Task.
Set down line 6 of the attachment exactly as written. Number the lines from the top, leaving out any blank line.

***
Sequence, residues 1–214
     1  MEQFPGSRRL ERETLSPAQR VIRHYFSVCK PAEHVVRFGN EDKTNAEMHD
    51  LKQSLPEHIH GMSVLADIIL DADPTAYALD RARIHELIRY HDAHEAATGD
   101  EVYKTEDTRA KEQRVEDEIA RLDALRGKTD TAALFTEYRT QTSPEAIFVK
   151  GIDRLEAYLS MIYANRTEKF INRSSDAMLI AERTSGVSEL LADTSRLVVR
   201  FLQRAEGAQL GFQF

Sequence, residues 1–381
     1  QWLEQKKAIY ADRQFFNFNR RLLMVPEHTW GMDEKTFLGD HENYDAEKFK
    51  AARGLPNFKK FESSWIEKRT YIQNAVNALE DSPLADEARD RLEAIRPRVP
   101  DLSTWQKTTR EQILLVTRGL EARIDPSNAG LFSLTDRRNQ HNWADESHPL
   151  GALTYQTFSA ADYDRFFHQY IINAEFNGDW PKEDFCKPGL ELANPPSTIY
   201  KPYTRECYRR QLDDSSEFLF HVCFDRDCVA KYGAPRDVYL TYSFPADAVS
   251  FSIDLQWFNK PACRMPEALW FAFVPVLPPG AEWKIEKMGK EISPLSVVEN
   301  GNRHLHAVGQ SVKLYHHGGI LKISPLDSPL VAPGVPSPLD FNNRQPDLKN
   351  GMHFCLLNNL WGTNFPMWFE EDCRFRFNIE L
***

   201  FLQRAEGAQL GFQF